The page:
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Page last updated at 01:39 GMT, Monday, 5 December 2011
Revealed: The truth about supermarket 'bargains'

WATCH: Sophie Raworth investigates supermarket price promotions

Britain's biggest supermarkets spend a lot of advertising money telling us they offer great value. But an investigation by Panorama has revealed that not all "bargains" are quite what they seem.

The deals at Asda, Tesco, Morrisons and Sainsbury's might seem to be everywhere, but strip away the jargon and catchy promises of "huge savings" and "special offers" and you are just as likely to find tactics that experts say range from a bit cheeky to others that could lead to prosecutions for breach of consumer protection regulations. Among them:

The 'Wow' Factor?

At Asda, the well-publicised Special Offers area of their online shopping site was offering Wow deals. They told us that it meant they were cheaper than they would normally be.

Asda Wow promotion screengrab

But a check of the price histories of some of the Wow items found that 11 had been for sale at the same price for at least six months - so no savings there - and four items were actually more expensive than they used to be.

Deborah Parry, a lawyer who advised the government on EU consumer protection regulations and British law, says the Wow labelling could be a breach of the law.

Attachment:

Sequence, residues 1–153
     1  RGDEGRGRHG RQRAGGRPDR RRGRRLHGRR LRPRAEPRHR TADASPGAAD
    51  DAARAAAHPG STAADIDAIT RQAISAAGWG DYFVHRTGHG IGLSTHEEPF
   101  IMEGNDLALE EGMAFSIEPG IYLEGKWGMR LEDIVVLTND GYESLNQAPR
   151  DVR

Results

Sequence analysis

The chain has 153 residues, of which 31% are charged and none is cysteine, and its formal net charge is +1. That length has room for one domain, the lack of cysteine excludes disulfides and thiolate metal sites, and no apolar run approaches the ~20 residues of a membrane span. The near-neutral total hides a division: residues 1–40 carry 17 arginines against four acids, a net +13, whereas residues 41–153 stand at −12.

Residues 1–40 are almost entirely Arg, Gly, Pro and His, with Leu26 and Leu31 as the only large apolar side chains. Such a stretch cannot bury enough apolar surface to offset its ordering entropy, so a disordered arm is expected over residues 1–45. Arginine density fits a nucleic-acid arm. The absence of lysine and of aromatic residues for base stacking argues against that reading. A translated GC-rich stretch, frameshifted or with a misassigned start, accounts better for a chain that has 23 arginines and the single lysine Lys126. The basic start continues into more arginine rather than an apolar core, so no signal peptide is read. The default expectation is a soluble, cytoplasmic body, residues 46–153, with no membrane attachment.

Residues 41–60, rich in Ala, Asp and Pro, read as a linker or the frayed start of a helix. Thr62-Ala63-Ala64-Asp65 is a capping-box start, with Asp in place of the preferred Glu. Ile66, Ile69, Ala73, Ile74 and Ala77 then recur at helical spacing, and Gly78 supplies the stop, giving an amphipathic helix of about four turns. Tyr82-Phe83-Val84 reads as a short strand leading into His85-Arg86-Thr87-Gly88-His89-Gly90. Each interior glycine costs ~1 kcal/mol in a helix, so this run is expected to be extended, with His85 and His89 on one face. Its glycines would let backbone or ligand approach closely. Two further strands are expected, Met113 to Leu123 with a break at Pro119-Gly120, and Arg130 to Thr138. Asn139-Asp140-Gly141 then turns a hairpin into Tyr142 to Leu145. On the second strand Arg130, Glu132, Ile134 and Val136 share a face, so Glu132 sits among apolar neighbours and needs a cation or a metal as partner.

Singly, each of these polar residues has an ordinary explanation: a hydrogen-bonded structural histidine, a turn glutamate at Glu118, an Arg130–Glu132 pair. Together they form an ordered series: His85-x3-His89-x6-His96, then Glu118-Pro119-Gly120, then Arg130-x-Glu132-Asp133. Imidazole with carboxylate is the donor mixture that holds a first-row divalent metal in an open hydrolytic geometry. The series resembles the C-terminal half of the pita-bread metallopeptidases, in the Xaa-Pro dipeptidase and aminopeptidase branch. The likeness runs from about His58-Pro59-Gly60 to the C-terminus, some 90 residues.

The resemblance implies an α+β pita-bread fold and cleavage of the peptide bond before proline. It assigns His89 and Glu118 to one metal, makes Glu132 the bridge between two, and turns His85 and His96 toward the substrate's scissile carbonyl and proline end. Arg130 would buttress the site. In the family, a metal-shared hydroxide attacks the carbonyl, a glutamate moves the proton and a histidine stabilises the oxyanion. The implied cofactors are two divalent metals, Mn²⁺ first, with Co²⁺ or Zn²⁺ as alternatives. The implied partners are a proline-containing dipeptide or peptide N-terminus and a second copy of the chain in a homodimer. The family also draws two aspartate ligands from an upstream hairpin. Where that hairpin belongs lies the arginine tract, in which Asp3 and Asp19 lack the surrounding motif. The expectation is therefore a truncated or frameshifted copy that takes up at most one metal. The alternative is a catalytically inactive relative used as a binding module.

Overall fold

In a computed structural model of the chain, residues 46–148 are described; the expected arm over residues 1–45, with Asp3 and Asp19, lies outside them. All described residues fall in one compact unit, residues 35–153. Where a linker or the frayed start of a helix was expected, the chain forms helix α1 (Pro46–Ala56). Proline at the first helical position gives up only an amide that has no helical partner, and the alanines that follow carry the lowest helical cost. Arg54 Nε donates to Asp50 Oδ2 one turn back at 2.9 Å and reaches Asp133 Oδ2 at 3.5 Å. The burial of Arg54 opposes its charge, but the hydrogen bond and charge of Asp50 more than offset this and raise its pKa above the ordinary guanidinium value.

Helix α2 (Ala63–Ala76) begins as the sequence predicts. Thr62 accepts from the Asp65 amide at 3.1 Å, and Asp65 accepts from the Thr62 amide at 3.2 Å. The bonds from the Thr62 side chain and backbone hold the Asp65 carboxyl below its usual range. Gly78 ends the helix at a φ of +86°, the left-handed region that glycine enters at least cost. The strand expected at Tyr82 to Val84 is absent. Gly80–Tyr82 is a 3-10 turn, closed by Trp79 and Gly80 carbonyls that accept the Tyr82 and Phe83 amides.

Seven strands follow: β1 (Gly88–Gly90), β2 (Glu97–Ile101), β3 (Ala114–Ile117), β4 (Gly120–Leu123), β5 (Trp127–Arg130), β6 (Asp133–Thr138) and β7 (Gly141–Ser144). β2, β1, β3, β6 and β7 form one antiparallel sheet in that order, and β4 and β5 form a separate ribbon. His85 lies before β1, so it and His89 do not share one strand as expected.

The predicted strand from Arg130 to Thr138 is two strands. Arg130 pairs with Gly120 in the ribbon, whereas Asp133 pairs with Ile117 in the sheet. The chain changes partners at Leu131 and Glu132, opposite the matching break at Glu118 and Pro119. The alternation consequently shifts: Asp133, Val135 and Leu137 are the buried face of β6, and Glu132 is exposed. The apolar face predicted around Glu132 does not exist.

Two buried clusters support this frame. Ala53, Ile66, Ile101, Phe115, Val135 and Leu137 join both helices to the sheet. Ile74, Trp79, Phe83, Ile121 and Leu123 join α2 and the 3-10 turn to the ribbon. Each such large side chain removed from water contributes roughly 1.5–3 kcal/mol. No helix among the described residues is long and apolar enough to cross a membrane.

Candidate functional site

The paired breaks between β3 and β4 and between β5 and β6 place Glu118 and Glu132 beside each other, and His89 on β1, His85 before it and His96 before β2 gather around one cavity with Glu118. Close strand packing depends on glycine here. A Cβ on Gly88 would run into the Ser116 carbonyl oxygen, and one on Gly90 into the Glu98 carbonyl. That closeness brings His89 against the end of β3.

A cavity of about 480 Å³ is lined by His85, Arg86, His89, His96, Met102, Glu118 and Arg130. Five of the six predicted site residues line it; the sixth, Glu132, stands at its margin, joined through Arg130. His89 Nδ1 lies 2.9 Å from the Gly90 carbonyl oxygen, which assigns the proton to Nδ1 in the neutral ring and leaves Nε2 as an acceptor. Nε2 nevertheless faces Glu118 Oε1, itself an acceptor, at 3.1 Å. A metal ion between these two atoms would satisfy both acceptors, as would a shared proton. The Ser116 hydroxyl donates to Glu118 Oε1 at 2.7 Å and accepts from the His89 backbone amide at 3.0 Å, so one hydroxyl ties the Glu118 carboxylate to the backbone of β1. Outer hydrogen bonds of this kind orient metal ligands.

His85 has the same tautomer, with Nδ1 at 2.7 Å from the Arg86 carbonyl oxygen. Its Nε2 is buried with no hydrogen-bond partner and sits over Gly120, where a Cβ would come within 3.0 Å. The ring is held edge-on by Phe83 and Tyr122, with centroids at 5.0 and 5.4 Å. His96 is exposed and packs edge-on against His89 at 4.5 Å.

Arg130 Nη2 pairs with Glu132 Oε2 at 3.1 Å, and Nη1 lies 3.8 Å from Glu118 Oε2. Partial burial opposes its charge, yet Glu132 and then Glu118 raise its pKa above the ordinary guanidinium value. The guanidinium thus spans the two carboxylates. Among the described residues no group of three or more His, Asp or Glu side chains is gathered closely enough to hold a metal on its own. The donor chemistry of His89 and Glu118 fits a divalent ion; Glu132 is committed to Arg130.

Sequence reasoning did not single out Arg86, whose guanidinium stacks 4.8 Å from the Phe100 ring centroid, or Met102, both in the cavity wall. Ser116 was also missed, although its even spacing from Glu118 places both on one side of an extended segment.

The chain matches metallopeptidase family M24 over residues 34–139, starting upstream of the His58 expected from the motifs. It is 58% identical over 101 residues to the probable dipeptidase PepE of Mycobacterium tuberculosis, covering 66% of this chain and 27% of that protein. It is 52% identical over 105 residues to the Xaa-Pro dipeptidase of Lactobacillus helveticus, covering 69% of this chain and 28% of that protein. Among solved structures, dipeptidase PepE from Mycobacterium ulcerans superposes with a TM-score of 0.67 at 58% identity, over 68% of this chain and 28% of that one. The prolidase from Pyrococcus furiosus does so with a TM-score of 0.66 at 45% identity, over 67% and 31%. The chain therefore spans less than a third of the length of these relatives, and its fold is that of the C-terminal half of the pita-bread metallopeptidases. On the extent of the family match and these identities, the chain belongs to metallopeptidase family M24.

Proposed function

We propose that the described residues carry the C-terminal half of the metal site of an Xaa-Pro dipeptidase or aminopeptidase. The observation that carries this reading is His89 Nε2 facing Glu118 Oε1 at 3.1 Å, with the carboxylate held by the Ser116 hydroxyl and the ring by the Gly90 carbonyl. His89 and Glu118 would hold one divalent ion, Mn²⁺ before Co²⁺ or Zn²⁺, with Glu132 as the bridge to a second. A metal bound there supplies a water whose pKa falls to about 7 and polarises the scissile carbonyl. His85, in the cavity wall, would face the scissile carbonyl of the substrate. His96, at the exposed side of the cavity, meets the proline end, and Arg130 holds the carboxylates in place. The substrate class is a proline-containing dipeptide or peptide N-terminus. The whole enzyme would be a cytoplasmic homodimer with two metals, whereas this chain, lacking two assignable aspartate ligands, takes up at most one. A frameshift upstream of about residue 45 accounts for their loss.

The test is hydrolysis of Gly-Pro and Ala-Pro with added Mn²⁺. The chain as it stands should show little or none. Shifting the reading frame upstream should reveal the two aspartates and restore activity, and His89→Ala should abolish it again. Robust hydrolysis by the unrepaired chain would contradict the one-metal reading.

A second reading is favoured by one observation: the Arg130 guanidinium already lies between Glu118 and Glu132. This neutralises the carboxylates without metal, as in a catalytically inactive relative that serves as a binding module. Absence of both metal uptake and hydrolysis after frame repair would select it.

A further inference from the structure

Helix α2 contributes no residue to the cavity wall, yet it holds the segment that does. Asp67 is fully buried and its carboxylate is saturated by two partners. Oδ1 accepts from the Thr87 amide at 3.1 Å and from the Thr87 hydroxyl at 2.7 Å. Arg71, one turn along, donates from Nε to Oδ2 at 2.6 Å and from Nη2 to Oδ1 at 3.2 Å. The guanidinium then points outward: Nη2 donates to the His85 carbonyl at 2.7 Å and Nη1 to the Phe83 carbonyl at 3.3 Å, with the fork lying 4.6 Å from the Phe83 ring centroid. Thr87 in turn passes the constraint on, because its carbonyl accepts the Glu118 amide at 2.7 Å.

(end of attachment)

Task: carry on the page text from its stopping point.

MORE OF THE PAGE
"Your average consumer when they learned the truth that the price was not reduced and in fact had been increased almost certainly would not purchase them."

When contacted by the BBC, Asda said the products should not have been advertised as Wow and removed them from the website.

The Multi-buy non-deal
Tesco price sign

This is the advertising on the shelves that announces Two for £2, but fails to highlight that there is no saving there - the item's price is £1 each.

But does it make us buy more?

Psychologist Gorkan Ahmetoglu, who wrote a report for the Office of Fair Trading on the influence promotions and offers of savings have on shopping habits, says this type of advertising acts as a subconscious trigger.

"They are triggering the same reaction as when you eat chocolate. The offer will still attract your attention and a lot of people will not look at the single unit price."

The new - yet old - low price

This is known as price establishing in the marketing world. A retailer sells a product at a certain price for a long period of time, but then suddenly raises it. Later, the price is dropped back to where it was in the first place and the supermarket tells us that it has "slashed the price".

Supermarkets: The Numbers
Supermarket trolley sign
UK consumers spent £96bn in supermarkets last year
£65bn was spent in Tesco, Asda, Sainsbury's and Morrisons
The big four opened 200 new stores in the past year

Tesco's Big Price Drop seemed to do this with its medium whole fresh chickens, which rose from £4 up to £5 for a little over two months before the Big Price Drop saw it drop back down to the original price of £4.